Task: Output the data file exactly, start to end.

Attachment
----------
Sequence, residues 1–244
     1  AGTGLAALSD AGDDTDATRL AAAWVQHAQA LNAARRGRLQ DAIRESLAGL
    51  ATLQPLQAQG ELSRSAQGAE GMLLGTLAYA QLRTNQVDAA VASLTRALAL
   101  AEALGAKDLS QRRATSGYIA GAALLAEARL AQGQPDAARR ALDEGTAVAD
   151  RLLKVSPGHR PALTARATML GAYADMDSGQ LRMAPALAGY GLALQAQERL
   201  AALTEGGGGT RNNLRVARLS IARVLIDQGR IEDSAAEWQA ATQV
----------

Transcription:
Sequence, residues 1–244
     1  AGTGLAALSD AGDDTDATRL AAAWVQHAQA LNAARRGRLQ DAIRESLAGL
    51  ATLQPLQAQG ELSRSAQGAE GMLLGTLAYA QLRTNQVDAA VASLTRALAL
   101  AEALGAKDLS QRRATSGYIA GAALLAEARL AQGQPDAARR ALDEGTAVAD
   151  RLLKVSPGHR PALTARATML GAYADMDSGQ LRMAPALAGY GLALQAQERL
   201  AALTEGGGGT RNNLRVARLS IARVLIDQGR IEDSAAEWQA ATQV